With Welterweight legend Georges St-Pierre out until at least this fall with a torn ACL, the UFC was without a champion in its 170 pound division. Nick Diaz, originally slated to face GSP last fall before skipping important pre-fight press conferences, was removed from that match up due to his irresponsibility. He was replaced by former WEC Welterweight champion Carlos Condit, whose only loss in the past five and a half years was a close split decision loss to Martin Kampmann in his UFC debut.
Shortly after the switch, GSP suffered his unfortunate injury, and was put on the shelf indefinitely. The UFC, unwilling to wait, set up the always outspoken Diaz against the consistent Condit for the Interim Welterweight title. Meaning the holder of the title, whoever that may be, will face GSP for the undisputed title eventually. If GSP happens to be out for too long, they will be promoted to undisputed champion. If you happen to be a pro wrestling fan confused by this situation, it would be similar to the CM Punk- John Cena WWE Title, or the Razor Ramon-Shawn Michaels Intercontinental title situations.
In one of the closest fights in UFC history, Diaz and Condit battled it out for five entire rounds. A 24 minute stand up exchange saw back and forth action, until Diaz was able to drag Condit to the ground with one minute remaining and work for a couple of submissions. Condit stifled this however, and regained control to end the fight.
Before this, Condit utilized an excellent game plan, sticking and moving with leg kicks, and avoiding Diaz’s typical combos against the cage. Diaz became frustrated, taunting Condit, in an effort to make it an emotional fight. Condit didn’t oblige, and was able to succeed. Across the board, the judges gave it to Carlos Condit. Nick Diaz was frustrated, claiming he would retire from MMA, also saying he won the fight because Condit ran throughout the duration of the bout. Diaz also didn’t show up for the post-fight presser.
Supporting the main event were heavyweight stars Roy Nelson and Fabricio Werdum. While neither of the two are anywhere close to a title shot, with over 30 cards being shown this year, it was an ample co-main event.
Werdum absolutely controlled Roy Nelson, doing excellent work from the muay thai clinch, as well as dominating every other facet of the bout. Fabricio looked like the fighter who had been heavily hyped previously, before being derailed by heavyweight juggernauts Alistair Overeem and Junior Dos Santos.
Former Welterweight contender Josh Koscheck was also in action, taking on Mike Pierce. We were witness to some vintage Koscheck eye pokes throughout the fight, which should have cost him points on the scorecard. Somehow that was avoided, and Koscheck was able to grind out a tough decision victory over an impressive Mike Pierce.
THE VIRTUOUS ONES VIEWPOINT
Wow, my Twitter timeline exploded over the main event. The judges got the decision right. Personally I gave rounds 1, 3 & 4 to Carlos Condit, with round 5 being a toss-up. Before I receive hate mail, I don’t believe that the takedown and submission attempts Diaz managed negates the first four minutes he was smacked around by Condit in the fifth round. If a gun were to my head, I’d have said Carlos Condit got that round, but Diaz fans have on rose colored glasses, and see any offense as Diaz controlling the Octagon.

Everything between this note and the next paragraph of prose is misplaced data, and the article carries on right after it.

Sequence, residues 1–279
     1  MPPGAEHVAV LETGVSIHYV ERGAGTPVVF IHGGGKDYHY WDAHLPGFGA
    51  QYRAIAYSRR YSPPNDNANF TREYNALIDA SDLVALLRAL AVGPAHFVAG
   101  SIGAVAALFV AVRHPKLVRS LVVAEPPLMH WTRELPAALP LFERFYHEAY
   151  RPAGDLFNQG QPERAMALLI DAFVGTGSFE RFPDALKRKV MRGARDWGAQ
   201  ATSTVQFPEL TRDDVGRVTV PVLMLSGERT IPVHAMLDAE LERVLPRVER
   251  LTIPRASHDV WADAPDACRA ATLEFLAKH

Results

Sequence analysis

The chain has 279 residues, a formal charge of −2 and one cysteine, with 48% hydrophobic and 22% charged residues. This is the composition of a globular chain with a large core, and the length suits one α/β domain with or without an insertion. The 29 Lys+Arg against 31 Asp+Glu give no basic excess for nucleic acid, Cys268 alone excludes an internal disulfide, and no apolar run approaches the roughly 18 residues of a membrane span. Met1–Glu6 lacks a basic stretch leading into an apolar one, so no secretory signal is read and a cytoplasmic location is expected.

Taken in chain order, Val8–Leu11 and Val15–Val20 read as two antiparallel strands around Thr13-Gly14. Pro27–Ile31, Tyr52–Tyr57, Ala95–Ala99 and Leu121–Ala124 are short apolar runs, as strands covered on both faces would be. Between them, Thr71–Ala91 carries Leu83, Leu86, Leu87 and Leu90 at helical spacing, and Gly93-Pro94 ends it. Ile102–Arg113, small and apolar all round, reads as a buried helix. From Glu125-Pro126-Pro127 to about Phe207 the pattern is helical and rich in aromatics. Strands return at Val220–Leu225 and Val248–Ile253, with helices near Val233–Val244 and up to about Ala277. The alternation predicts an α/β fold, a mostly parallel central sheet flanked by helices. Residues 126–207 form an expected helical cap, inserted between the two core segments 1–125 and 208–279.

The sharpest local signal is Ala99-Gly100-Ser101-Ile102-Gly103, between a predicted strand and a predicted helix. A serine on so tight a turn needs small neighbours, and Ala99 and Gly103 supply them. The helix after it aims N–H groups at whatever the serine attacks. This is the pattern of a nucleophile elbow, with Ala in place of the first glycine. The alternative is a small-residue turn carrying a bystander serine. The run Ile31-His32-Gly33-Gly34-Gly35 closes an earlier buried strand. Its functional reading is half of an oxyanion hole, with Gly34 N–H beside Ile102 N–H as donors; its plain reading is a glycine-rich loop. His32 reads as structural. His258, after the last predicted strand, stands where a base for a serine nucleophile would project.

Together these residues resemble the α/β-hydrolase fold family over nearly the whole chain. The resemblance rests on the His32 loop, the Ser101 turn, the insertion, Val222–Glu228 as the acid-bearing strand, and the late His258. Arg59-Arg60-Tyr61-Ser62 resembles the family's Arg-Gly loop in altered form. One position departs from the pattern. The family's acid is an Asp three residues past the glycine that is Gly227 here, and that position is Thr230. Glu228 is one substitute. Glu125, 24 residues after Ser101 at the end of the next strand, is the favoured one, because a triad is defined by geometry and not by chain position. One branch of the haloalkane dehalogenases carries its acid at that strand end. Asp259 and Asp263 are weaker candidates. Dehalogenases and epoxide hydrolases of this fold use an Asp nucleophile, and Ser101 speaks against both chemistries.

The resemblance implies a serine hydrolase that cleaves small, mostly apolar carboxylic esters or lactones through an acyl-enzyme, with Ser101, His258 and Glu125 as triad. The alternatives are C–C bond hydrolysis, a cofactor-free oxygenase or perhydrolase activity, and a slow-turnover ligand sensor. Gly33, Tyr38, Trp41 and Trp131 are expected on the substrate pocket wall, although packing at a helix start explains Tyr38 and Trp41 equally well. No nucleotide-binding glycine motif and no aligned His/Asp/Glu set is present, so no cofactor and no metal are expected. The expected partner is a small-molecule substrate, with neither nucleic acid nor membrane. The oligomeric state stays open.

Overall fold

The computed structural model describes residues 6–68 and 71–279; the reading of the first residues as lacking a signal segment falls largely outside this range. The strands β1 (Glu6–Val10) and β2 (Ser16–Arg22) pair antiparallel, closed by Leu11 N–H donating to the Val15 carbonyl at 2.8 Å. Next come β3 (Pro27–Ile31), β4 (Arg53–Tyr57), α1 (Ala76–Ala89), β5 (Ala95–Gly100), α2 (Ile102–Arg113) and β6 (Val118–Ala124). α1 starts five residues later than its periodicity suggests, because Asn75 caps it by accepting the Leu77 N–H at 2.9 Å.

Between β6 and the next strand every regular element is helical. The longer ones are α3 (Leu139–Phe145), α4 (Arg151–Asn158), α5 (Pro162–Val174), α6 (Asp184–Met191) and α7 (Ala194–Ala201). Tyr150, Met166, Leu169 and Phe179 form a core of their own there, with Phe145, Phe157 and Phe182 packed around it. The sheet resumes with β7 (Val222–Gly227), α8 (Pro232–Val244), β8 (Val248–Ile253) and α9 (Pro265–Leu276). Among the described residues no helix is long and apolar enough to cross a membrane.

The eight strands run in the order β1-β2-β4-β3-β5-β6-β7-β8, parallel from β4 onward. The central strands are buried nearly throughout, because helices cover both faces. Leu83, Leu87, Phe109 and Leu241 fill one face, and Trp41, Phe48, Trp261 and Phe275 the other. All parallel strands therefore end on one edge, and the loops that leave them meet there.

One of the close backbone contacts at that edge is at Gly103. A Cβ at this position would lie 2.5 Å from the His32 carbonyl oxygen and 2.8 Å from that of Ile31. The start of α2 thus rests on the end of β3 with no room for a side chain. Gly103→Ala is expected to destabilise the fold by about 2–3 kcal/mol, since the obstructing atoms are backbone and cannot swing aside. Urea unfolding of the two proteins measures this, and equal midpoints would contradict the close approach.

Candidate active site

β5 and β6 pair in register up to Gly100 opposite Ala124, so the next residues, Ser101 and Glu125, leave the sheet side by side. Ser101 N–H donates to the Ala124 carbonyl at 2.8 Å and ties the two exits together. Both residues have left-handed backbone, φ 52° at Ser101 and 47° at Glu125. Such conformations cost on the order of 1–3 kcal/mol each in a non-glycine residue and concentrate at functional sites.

Much was made of Carlos Condit ‘running’ as well. Carlos Condit came into this fight with a great gameplan (thanks to coach Greg Jackson), which employed excellent footwork and leg strikes. If he were to let Diaz back him up to the cage (which is Diaz’s sweet spot) it would have been octagon suicide for him. Footwork and running are two different things folks.
I don’t buy into Diaz’s supposed retirement either. He’s not going into boxing. Boxing fans don’t know who he is, probably won’t pay to see him consistently, and he’s under contract to the UFC. Diaz also didn’t show up to the post fight press conference (color me surprised). Plenty of talent, but he clearly can’t take a loss. Not to mention the immature post-round actions, getting in Condit’s face, holding onto his leg, etc. How fans can enjoy his attitude, but not be able to handle a tough decision is confusing
Many of Diaz’s fans are simply brainwashed, and see absolutely no way in which Nick Diaz lost the fight. I’ll tell you. Footwork and striking. Most of Diaz’s opponents move laterally when they’re hit, Carlos Condit didn’t. Simple. This situation may cost the UFC some PPV buys due to Condit not being as colorful as Diaz, but it is the Ultimate Fighting Championship, not the Ultimate Attitude Championship.
A few other quick notes, Renan Barao deserves a bantamweight title shot, and soon. He is on an absolute tear, going unbeaten in all 29 of his pro fights since losing a close decision in his debut. I see him contending for the title by the end of the year, if not by summer.
Josh Koscheck should have been deducted points for his repeated eye pokes against Mike Pierce. Not only did he do it twice in the fight, he is a repeat offender, having done it to Anthony Johnson as well. A point deduction would have likely changed the outcome of the match. I would like to see Koscheck face Diaz soon, a fight I believe Koshcheck would win. Who is the last wrestler Diaz faced? Get back to me on that.
Also, a news tidbit to drop on you. Dana White announced that a verbal agreement has been made for Anderson Silva and Chael Sonnen to square off in June in Brazil for the Middleweight title. So there’s that.
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